By Oliver Lyttelton | www.oliverlyttelton.com September 11, 2012 at 10:00AM
We might start writing about long-absent directors more often. In the three months since we picked out five foreign-language filmmakers who've been M.I.A. for several years, three of them have resurfaced in a big way. Arnaud Desplechin ("A Christmas Tale") is shooting "Psychotherapy Of A Plains Indian" with Benicio Del Toro and Mathieu Amalric in Detroit, and "Pulse" helmer Kiyoshi Kurosawa aired his TV epic "Penance" in Venice before announcing plans only yesterday to make historical epic "1905" with Tony Leung.
And now a third has joined them, in the shape of Lucrecia Martel. The Argentinean filmmaker, whose disturbing, distinctive work including "The Holy Girl" and "La Cienaga" has won her fans all over the world, but she's been absent from screens since 2008's awesome "The Headless Woman" played Cannes, bar a short film funded by Miu Miu that just played Venice. The director spent several years working on a sci-fi comic book adaptation called "El Eternauta," but the age-old creative differences intervened, and word had been very quiet since 2009.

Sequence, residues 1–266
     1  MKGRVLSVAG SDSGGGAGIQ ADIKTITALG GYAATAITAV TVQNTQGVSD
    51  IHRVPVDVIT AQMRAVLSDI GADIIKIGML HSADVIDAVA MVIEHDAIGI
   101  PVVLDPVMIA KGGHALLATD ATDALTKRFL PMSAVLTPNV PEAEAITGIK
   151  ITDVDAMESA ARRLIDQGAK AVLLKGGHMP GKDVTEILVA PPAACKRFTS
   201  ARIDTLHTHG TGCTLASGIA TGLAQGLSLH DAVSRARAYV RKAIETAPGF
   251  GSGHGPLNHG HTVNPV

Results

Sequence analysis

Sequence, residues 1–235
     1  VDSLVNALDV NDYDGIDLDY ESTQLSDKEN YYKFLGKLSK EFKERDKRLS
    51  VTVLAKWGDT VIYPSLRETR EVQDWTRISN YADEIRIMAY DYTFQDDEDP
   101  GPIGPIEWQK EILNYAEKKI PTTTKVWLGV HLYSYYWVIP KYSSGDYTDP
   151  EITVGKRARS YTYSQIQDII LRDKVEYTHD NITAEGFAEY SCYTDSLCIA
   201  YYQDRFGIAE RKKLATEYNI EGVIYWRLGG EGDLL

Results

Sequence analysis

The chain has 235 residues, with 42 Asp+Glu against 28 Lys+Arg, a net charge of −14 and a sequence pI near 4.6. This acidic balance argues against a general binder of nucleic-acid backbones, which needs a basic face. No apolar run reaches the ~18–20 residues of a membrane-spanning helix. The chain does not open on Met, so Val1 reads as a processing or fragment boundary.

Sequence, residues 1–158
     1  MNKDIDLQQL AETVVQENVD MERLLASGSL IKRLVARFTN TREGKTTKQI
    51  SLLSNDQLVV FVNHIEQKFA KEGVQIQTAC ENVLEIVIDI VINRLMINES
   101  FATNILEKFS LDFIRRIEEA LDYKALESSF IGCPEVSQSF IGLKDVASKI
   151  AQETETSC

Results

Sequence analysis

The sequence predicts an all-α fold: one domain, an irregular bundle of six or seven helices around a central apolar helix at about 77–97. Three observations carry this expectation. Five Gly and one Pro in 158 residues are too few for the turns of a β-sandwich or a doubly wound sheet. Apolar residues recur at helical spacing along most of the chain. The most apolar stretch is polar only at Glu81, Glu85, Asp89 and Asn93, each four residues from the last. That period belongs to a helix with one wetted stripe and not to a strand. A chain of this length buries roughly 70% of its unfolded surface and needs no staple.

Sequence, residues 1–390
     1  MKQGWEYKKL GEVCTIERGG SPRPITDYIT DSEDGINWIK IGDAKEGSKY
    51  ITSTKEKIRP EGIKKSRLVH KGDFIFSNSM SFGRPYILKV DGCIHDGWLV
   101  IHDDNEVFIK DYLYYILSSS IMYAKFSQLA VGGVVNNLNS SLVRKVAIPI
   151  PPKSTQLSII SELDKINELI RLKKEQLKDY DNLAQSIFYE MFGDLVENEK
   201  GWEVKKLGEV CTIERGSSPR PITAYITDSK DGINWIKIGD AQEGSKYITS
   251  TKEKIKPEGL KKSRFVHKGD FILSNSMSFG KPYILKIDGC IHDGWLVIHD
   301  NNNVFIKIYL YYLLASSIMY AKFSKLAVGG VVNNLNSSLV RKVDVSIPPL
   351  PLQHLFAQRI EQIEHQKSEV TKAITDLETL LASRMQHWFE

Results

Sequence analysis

Fortunately, it looks like we might get something new from the director soon, as The Hollywood Reporter reveal that the director is now attached to an adaptation of fellow Argentine Antonio di Benedetto's 1956 novel "Zama." Set in an unnamed Latin American country in 1790, the period drama follows Don Diego de Zama, an official for the Spanish crown on his way to Buenos Aires. The book is regarded as something of a classic in the country.
Producer Lita Stantic admits that the period setting means it'll be an expensive and ambitious project, probably Martel's boldest endeavor yet. But El Deseo, Pedro Almodovar's production company, have come on board to produce the project (they were also behind "The Holy Girl" and "The Headless Woman"), and French and English financiers are also being sought, with the intention of shooting in July 2013. Pieces need to fall into place before it becomes a certainty, but fingers crossed, could we see Martel's fourth feature at Cannes in 2014?